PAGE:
Year of Publication
Arts and Sciences
The purpose of this study was to test the hypothesis that acute alcohol consumption facilitates aggression through the reduction of adaptive anxiety/fear responses to danger/threat. Participants were 80 healthy male social drinkers between 21 and 33 years of age. They were randomly assigned to one of four groups: 1) Alcohol/anxiety induction (n=20), 2) Placebo/anxiety induction (n=20), 3) Alcohol only (n=20), and 4) Placebo only (n=20). Anxiety was induced by informing participants that they had to deliver a speech about what they liked and disliked about their body in front of a video camera. A modified version of the Taylor Aggression Paradigm (Taylor, 1967) was used to measure aggressive behavior in a situation where electric shocks were administered to, and received from, a fictitious opponent during a supposed competitive reaction-time task. Results indicated that the anxiety induction was successful in reducing aggression for participants who received alcohol. Results are discussed within the context of a number of theories specifying anxiety as a possible mediator of the alcohol aggression relation.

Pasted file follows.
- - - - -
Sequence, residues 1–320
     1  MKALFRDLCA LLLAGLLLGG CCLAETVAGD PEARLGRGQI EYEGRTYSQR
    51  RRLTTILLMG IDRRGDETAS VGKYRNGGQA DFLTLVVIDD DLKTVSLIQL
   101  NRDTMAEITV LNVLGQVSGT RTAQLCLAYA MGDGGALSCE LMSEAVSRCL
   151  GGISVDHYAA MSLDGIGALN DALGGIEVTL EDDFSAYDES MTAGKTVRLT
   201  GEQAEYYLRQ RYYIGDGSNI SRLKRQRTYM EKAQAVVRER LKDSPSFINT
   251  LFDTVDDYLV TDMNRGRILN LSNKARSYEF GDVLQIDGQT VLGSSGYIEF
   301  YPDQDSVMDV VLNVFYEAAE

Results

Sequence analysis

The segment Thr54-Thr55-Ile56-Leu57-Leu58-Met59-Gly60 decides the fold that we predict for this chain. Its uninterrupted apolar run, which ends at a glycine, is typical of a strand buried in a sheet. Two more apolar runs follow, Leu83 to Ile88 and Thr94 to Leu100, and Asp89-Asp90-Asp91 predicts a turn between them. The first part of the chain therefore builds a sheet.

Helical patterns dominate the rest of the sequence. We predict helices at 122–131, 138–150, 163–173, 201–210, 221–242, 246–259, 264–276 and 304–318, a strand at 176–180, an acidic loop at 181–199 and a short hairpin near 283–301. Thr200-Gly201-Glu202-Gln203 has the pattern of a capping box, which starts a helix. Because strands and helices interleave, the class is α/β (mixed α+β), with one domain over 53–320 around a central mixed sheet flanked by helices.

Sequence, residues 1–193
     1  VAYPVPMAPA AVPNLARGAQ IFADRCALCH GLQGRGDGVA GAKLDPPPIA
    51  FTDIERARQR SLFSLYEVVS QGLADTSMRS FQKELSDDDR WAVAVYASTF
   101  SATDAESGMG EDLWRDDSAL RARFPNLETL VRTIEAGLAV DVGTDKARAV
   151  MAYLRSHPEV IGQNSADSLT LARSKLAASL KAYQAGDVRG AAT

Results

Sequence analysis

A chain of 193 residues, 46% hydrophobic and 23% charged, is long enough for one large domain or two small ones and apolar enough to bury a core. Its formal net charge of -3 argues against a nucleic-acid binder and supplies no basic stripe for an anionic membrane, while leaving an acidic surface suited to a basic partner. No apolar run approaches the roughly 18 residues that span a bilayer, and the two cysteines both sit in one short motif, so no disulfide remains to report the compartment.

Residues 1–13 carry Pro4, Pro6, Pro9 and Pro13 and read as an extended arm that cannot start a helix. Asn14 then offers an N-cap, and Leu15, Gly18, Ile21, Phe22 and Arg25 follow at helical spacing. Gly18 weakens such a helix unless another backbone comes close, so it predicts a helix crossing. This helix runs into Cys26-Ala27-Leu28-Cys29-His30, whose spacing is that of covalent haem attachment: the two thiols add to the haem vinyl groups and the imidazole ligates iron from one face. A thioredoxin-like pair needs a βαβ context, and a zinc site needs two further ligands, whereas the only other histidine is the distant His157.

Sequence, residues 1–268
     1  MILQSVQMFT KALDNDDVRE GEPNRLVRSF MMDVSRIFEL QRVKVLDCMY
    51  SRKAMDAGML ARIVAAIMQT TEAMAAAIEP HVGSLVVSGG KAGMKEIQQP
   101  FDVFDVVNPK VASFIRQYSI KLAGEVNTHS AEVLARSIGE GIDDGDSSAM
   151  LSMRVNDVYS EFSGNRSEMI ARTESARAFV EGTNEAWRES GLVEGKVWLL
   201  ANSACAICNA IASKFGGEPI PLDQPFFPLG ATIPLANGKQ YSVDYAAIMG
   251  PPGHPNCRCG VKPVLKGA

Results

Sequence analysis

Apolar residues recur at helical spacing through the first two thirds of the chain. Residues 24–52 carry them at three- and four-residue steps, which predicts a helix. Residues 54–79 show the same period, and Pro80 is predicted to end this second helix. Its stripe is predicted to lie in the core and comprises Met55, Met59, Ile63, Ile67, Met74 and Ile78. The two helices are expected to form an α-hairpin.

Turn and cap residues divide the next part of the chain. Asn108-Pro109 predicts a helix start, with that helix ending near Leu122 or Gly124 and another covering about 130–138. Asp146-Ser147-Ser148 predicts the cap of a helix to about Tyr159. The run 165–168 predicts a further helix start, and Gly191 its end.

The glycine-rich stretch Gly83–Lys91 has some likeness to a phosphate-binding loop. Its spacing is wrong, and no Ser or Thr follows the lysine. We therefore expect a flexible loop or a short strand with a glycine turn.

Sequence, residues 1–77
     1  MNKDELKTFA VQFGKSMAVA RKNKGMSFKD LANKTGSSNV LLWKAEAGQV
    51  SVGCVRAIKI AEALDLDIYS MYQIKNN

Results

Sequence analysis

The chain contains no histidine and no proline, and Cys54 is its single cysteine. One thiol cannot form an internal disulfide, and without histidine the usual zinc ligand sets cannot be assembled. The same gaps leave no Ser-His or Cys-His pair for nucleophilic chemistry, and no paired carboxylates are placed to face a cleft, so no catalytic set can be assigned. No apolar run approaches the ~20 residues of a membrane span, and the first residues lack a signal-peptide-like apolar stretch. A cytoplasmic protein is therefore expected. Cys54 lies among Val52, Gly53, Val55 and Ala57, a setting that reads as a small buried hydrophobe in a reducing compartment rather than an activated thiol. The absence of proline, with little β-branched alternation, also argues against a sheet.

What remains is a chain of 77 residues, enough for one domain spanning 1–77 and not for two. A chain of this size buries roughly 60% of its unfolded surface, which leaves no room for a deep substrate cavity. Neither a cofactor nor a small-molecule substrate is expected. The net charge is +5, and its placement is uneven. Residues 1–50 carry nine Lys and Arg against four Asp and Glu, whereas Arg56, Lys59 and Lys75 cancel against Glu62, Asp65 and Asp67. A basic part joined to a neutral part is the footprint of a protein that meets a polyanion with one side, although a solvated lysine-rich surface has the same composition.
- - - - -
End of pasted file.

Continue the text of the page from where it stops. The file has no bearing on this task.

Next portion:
Phillips, Joshua Parker, "TESTING THE ROLE OF ANXIETY AS AN UNDERLYING MECHANISM OF THE ALCOHOL-AGGRESSION RELATION" (2007). University of Kentucky Master's Theses. 426.